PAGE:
Arizona Redistricting Again
On June 29, 2015, the U.S. Supreme Court upheld Arizona’s use of an independent commission to adopt congressional districts. In her majority opinion in Arizona State Legislature v. Arizona Independent Redistricting Commission, 576 U. S. ____ (2015), Justice Ruth Bader Ginsburg acknowledged that partisan gerrymandering has plagued the country since its founding and still has no easy answer.
The Facts of the Case
As more fully detailed in a prior post, Arizona amended its constitution in 2003 to create an Independent Redistricting Commission and relieve the state legislature of the task of redistricting congressional and state legislative districts. After the Redistricting Commission adopted its first plan, the Legislature filed suit, alleging that Arizona’s use of a commission to adopt congressional districts violates the Elections Clause, because it “divests the Legislature of its authority” over redistricting legislation.
The Legal Background
The case revolves around who has the power to redraw Congressional districts. The Elections Clause of the U. S. Constitution provides: “The Times, Places and Manner of holding Elections for Senators and Representatives shall be prescribed in each State by the Legislature thereof; but the Congress may at any time by Law make or alter such Regulations.”
After the U.S. Census is conducted every ten years, states must evaluate their congressional districts and redistribute the population as evenly as possible. While the U.S. Supreme Court mandates that districts be drawn substantially equal in population in accordance with the “one man, one vote principle,” the states are authorized to determine how they redraw district lines. While the task was traditionally delegated to state legislatures, several states have formed redistricting commissions in an effort to remove partisan politics from the process.
The Majority Decision
The Court upheld Arizona redistricting process by a vote of 5-4. Justices Anthony Kennedy, Stephen Breyer, Sonia Sotomayor, and Elena Kagan joined Justice Ginsburg’s majority opinion.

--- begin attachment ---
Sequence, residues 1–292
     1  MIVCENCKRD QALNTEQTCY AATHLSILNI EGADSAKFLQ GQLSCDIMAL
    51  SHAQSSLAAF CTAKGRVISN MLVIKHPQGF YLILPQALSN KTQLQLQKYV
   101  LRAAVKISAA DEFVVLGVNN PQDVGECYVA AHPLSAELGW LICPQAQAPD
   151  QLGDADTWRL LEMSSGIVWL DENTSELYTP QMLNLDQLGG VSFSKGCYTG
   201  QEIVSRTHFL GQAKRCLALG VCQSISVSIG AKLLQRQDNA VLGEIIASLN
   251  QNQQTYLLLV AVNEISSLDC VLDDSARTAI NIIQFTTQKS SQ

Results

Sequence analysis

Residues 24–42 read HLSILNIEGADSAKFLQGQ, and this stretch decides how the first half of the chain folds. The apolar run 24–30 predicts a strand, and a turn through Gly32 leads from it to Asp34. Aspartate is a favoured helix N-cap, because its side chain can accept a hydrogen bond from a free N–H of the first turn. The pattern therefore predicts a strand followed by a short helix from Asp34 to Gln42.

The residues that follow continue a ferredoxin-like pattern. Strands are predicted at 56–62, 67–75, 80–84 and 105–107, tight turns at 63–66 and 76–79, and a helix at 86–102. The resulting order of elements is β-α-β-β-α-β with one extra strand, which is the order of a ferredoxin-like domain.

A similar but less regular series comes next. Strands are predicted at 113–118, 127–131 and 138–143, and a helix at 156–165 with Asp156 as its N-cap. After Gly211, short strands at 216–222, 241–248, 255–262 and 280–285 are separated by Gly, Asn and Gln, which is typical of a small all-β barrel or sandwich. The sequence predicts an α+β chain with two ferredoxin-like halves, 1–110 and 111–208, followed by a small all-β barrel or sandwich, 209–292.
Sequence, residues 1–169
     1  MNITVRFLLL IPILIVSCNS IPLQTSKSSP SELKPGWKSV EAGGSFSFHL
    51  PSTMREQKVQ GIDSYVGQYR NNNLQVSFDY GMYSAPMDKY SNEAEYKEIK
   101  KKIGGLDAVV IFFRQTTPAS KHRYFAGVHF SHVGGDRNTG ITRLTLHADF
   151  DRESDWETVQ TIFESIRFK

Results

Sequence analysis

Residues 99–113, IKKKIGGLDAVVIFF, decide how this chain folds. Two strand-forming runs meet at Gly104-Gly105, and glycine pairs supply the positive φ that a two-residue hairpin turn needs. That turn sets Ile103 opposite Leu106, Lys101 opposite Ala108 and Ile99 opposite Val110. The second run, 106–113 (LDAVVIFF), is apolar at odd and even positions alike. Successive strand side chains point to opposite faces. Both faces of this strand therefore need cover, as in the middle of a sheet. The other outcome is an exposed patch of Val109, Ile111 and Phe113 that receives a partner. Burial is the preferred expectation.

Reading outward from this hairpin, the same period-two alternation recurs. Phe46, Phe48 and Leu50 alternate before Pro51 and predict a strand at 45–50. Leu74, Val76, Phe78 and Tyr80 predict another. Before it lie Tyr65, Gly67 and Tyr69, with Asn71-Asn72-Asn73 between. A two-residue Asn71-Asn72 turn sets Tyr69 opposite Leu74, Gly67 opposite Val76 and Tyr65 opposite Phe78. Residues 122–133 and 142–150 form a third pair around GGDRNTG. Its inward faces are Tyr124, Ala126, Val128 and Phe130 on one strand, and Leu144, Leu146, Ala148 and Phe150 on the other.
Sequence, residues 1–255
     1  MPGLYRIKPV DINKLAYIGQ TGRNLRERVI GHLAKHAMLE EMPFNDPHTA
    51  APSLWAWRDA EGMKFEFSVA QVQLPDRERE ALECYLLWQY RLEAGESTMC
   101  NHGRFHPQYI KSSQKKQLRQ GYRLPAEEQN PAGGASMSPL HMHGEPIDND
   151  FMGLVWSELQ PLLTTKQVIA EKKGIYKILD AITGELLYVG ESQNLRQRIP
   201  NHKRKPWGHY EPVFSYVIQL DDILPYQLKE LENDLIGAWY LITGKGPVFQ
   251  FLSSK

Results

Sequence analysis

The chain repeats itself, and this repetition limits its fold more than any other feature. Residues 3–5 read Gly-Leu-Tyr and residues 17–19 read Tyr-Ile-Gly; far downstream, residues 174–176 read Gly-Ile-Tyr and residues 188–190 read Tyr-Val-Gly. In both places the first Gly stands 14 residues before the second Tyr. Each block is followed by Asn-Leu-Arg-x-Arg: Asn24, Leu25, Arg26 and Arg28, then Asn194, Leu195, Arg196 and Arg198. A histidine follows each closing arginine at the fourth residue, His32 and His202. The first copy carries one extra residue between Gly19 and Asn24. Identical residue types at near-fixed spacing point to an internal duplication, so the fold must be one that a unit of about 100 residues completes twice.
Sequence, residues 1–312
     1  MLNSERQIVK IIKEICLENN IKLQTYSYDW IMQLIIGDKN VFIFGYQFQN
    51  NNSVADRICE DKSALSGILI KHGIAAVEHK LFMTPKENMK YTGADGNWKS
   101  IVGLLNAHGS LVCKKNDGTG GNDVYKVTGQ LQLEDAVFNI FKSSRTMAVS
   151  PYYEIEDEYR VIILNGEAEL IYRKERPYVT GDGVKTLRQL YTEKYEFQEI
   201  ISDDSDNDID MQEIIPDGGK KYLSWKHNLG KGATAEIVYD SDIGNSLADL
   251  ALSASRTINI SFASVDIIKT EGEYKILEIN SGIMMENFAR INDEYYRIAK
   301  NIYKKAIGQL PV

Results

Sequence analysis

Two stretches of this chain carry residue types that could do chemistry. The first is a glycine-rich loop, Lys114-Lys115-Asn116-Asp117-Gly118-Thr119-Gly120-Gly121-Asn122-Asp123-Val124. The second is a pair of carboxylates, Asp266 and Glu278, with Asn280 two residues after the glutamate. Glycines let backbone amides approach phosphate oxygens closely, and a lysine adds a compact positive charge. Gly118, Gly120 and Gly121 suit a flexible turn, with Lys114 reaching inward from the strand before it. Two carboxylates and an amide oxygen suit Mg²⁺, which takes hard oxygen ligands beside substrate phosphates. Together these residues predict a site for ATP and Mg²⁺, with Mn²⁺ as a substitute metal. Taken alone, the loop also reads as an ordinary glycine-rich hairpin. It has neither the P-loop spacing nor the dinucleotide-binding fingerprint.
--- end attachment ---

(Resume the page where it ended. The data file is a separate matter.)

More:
The majority held that the U.S. Constitution permits Arizona’s use of a commission to adopt congressional districts, noting that the dominant purpose of the Elections Clause was to “empower Congress to override state election rules, not to restrict the way States enact legislation.”
In reaching its decision, the majority concluded that the term “legislature” should be interpreted as “the power that makes laws,” which is held both by the people and the legislature under Arizona’s initiative law.
“The Framers may not have imagined the modern initiative process in which the people’s legislative power is coextensive with the state legislature’s authority, but the invention of the initiative was in full harmony with the Constitution’s conception of the people as the font of governmental power,” Justice Ginsburg further explained. “It would thus be perverse to interpret ‘Legislature’ in the Elections Clause to exclude lawmaking by the people, particularly when such lawmaking is intended to advance the prospect that Members of Congress will in fact be ‘chosen . . . by the People of the several States,’ Art. I, §2.”
Chief Justice John Roberts filed a dissenting opinion, in which Justices Antonin Scalia, Samuel Alito, and Clarence Thomas joined. In his dissent, the Chief Justice criticized the majority’s interpretation of the term “legislature,” arguing that it did not comport to the meaning of the term at the time the Constitution was written. He further noted that the Seventeenth Amendment was added to empower citizens, rather than the state legislature, to elect members of the U.S. Senate. “What chumps,” he sarcastically remarked. “Didn’t they realize that all they had to do was interpret the constitutional term ‘the Legislature’ to mean ‘the people’?”
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